Conversation: Dr Vivienne Keely CHF, historian and author - ‘Pamphlet’ on convict priest grew into book
By Marilyn Rodrigues
“It’s very hard to know what kind of man Fr James Dixon was in the sense of what made him tick psychologically because he didn’t leave anything, that I know of, such as diaries or letters or even sermons,” says Sister of the Holy Faith, Dr Vivienne Keely (pictured), author of a book about the first priest of the Church in Australia.
“The one thing I think can say about him as a person is that he had a gift of friendship, he was able to make friends across the sectarian divide at a time when there was quite a division between Protestant and Catholic in Ireland.
“Fr Dixon’s life - and, I hope, the book itself - is a good example of how these stereotypes can’t always be applied.”
Dr Keely is a Sister of the Holy Faith, a teaching congregation founded in Dublin around the same time as the Sisters of Mercy.
Her first book, Dixon of Botany Bay: The Convict Priest from Wexford, was launched this week at the Irish Consulate-General by author Thomas Keneally, as part of celebrations for the bicent-enary of the first Mass in Sydney on May 15, 1803, and the first in Parramatta on May 22, 1803.
Like her subject, Dr Keely was born and raised in Ireland. She entered her congregation there and came to Australia in 1975.
She has been the research officer for the Parramatta diocese for two years; before that she spent nine years as director of postgraduate studies at the Sydney College of Divinity.
The Bishop of Parramatta, Bishop Kevin Manning, commissioned Dr Keely to write a pamphlet to be published for the bicentenary, but they soon realised she had enough material to make a book.
It covers Fr Dixon’s journey from Ireland to Sydney on the Friendship that arrived in Sydney in February 1800, until he left in 1809 to return to Ireland where he died in 1840 at the age of 82.
He had been sent here for his alleged involvement in the 1798 rebellion of the United Irishmen, even though his Catholic and Protestant friends protested his innocence.
Once here he was kept on the public store and later given a £60-a-year salary.
He won the respect of Governor Philip Gidley King.
And he sent a petition to Rome for the necessary faculties so he could minister to Catholics here. It was accepted.
All Catholics in the colony were asked to go to Old Government House in Parramatta to hear the Proclamation appointing Fr Dixon as their priest in May 1803.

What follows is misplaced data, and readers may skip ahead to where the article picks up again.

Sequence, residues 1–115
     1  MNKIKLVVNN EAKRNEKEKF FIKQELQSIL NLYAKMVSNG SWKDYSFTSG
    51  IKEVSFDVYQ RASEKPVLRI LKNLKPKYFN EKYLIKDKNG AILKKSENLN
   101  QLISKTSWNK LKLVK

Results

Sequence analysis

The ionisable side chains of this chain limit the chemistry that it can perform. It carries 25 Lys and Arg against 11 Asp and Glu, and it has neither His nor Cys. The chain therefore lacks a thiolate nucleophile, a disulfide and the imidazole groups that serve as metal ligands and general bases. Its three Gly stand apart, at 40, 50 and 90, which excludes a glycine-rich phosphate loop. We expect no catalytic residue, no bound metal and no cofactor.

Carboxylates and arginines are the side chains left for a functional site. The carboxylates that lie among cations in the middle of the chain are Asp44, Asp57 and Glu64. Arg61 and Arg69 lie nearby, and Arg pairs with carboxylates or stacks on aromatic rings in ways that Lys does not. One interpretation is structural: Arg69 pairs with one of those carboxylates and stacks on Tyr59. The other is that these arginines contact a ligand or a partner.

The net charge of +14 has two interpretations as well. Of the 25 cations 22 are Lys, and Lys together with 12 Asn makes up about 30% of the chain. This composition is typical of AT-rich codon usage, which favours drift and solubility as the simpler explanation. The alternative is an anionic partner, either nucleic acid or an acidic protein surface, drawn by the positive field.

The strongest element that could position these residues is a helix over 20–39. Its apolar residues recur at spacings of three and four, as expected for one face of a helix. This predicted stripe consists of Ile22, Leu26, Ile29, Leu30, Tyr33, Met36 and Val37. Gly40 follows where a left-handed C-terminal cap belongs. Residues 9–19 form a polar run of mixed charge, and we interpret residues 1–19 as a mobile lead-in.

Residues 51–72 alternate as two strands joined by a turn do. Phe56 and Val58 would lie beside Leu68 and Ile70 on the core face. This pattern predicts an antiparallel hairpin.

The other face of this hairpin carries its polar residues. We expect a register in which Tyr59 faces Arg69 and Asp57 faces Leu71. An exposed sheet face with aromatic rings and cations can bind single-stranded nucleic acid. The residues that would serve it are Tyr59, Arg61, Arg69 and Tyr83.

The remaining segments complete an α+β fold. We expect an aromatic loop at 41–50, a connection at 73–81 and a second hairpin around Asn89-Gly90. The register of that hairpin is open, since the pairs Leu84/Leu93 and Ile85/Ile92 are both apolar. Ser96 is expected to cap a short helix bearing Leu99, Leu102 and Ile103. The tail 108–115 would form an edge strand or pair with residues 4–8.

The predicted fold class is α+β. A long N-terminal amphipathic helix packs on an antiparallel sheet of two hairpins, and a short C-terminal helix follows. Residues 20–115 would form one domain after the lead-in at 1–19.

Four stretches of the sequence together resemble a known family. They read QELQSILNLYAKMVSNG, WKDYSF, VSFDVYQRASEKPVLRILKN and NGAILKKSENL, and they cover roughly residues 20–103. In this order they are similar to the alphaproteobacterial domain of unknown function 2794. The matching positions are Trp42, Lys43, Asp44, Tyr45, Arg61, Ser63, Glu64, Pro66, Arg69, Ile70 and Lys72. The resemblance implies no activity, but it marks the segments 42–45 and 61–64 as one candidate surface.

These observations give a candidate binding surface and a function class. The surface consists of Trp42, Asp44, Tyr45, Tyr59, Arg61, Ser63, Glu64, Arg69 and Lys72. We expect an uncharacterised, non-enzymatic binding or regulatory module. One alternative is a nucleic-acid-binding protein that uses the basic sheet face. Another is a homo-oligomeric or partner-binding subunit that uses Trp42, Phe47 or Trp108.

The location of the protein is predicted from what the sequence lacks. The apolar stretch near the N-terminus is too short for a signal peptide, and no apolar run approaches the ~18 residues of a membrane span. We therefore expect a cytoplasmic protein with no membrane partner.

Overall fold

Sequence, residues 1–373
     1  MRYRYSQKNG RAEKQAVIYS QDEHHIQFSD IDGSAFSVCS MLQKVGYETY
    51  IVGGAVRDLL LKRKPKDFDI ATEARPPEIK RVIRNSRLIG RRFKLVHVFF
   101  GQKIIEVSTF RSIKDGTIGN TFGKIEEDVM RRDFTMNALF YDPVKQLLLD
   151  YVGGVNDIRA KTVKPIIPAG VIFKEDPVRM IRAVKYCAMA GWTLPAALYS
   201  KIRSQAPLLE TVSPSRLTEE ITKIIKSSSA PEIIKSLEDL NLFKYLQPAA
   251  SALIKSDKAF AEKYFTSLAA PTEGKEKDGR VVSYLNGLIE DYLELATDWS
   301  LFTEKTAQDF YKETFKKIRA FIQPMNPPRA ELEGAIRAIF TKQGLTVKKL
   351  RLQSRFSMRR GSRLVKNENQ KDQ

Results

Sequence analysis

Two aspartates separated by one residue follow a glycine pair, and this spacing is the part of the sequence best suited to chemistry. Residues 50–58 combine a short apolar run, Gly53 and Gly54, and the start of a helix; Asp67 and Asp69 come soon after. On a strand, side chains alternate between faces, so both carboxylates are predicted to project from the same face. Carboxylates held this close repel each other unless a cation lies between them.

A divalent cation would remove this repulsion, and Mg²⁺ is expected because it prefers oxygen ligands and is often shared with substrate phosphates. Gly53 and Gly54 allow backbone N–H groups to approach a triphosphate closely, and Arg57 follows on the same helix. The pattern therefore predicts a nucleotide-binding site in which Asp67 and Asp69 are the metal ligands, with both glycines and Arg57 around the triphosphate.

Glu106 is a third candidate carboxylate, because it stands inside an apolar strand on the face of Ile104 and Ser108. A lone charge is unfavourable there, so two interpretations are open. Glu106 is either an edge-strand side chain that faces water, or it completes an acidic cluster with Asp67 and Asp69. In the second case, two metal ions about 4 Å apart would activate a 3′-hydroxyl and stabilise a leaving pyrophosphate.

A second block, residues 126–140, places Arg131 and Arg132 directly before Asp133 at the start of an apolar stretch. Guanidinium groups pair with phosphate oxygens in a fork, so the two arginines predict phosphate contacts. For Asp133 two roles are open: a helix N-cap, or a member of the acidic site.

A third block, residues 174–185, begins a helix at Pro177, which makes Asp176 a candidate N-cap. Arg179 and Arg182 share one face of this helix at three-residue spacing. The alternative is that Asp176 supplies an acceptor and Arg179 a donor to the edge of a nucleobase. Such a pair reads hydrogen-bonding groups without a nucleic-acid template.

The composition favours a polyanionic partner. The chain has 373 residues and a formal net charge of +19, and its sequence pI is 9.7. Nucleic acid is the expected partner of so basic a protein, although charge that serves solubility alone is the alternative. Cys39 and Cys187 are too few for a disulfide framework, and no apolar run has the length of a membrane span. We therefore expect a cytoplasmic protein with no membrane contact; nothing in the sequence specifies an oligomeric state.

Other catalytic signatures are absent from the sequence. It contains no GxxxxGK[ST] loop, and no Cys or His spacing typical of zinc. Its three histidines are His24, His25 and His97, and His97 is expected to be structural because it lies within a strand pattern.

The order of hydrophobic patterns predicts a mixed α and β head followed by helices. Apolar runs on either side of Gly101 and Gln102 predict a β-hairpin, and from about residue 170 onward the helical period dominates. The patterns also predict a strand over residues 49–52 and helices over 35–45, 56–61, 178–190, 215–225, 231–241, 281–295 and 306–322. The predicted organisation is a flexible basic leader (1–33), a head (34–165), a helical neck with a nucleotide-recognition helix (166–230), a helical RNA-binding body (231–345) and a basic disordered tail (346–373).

But the priest fell out of favour with Governor King, who believed he had played a part in the 1804 Castle Hill insurrection and withdrew his permission to minister publicly.
After that Catholics and Protestants alike supported Fr Dixon financially until he returned to Ireland.
“One of interesting things in writing the book,” says Dr Keely, “was the great amount of interest it generated and the great co-operation there was from everyone, including one of Ireland’s eminent historians, Dr Kevin Whelan, and the archivist of the diocese of Ferns, Fr De Vall.”
Dr Keely says one hero of her book is Irishman Michael Hayes, who came to Australia as a convict at the same time as Fr Dixon.
He carried out a single-handed campaign to have a priest minister in the colony, with the help of his brother, Fr Richard Hayes, who represented the bishops of Ireland in Rome.
“What the book does that makes it different to anything else is it brings together the Australian and Irish elements of Fr Dixon’s life,” says Dr Keely.
“(Before now) he has turned up in Irish history, referred to briefly during discussion of the rebellion, and referred to here in discussions of early Australian history and Church history as the first priest.”
Dr Keely says the story of the birth of the Catholic Church in Australia holds lessons for today about stereotypes, treatment of minorities and interpersonal and international relations.
“The proclamation of Governor King appointing Fr Dixon is important because it says something about the recognition of the rights of a minority at the time, rights that referred to religious freedom,” she says.
“The obituary of Fr Dixon says he always spoke in forgiving terms of his time in Australia.
“If that is true then that’s the kind of lesson about personal relations in the book.
“It has something to say about how international relations mirror our personal relations.
“If we don’t get our personal relationships right in the sense of having accord with other people and ourselves and being forgiving and non-vengeful, then we’ll never have international relationships right.”
Dixon of Botany Bay: The Convict Priest from Wexford by Dr Vivienne Keely CHF, can be purchased for $19.95 plus postage from the Parramatta diocese. Call (02) 9683 6277.